What is the float in finance (definition and example)?

By Indeed Editorial Team

Published 8 April 2022

The Indeed Editorial Team comprises a diverse and talented team of writers, researchers and subject matter experts equipped with Indeed's data and insights to deliver useful tips to help guide your career journey.

Float is a financial term that refers to the time when a sum of money exists in multiple places simultaneously. Float occurs when an entity uses a cheque for payments, as the receiver considers the money in their possession though they haven't withdrawn it from the payer's account. If you're interested in financial literacy, you may want to learn more about float to understand how it affects investing, payments and insurance. In this article, we provide an answer to, 'what is the float in finance?', explain when the float occurs, discuss the importance and use of floats and show you how to calculate your account's float in four steps.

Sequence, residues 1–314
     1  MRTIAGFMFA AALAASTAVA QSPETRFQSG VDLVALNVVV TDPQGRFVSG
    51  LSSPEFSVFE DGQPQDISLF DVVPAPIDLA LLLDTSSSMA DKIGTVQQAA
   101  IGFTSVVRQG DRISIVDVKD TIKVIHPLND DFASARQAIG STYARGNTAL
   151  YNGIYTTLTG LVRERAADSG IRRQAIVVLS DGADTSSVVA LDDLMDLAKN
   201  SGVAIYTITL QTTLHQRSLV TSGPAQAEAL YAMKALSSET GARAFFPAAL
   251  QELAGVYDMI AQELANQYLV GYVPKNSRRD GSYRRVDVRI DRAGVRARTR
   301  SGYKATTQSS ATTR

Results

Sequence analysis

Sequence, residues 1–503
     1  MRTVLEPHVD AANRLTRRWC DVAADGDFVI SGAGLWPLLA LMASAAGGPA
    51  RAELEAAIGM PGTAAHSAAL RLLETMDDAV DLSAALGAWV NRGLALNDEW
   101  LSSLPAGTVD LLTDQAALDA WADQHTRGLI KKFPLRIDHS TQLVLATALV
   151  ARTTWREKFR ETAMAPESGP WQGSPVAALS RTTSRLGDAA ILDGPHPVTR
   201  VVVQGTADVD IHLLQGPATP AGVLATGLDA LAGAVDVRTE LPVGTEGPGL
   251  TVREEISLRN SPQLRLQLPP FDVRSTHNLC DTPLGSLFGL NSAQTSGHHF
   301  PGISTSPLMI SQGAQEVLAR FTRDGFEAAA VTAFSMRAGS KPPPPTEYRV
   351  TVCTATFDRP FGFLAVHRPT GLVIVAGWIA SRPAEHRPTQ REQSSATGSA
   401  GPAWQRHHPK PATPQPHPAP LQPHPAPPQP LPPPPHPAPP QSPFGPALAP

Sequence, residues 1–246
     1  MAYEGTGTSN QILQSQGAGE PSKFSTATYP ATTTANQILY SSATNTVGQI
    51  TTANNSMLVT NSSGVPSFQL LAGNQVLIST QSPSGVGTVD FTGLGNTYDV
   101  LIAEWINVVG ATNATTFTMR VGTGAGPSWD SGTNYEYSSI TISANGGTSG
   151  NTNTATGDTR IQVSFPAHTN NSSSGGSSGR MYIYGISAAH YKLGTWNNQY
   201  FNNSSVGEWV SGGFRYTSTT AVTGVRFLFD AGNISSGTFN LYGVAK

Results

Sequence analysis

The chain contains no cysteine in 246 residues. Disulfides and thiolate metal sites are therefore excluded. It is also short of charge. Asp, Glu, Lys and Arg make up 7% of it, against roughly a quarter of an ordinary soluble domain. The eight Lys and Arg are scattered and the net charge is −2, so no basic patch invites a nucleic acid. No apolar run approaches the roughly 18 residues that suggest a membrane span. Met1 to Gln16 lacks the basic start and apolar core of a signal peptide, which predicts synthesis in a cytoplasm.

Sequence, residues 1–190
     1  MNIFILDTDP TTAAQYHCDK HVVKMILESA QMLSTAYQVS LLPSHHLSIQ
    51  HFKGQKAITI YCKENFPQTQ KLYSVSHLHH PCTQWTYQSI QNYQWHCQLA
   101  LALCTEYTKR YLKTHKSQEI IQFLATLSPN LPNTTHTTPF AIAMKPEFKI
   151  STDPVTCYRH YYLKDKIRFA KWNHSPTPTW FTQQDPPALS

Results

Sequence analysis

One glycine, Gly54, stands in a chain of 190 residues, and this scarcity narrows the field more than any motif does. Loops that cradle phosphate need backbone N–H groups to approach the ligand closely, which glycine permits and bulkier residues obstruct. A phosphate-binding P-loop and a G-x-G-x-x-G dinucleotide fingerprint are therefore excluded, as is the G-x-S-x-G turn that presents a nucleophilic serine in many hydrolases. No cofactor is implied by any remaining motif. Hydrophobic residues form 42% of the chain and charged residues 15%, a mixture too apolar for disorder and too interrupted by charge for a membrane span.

What is the float in finance?

Learning the answer to, 'what is the float in finance?' can help you improve your understanding of finance and accounting, which you may need if you aspire to work in business development or start your own company. In finance, the term 'float' refers to the money within the banking system that an institution counted more than once. Typically, this happens due to time gaps that sometimes occur when banks take too much time to register a deposit or withdrawal. These delays happen more often in countries that still process paper cheques. There are two main types of financial floats:

Holdover float

A holdover is a transaction that the bank hasn't processed yet. Floats of this type usually depend on an institution's mechanical or technological efficiency. In most cases, it takes around one business day to process these transactions.

Transport float

A transport float is the type of float that occurs when physical funds travel from one location to another. This most commonly refers to paper cheque. For example, a mail truck may carry those cheques or a bank vehicle may carry funds.

Related: How to become a financial analyst with no experience

When can floats occur?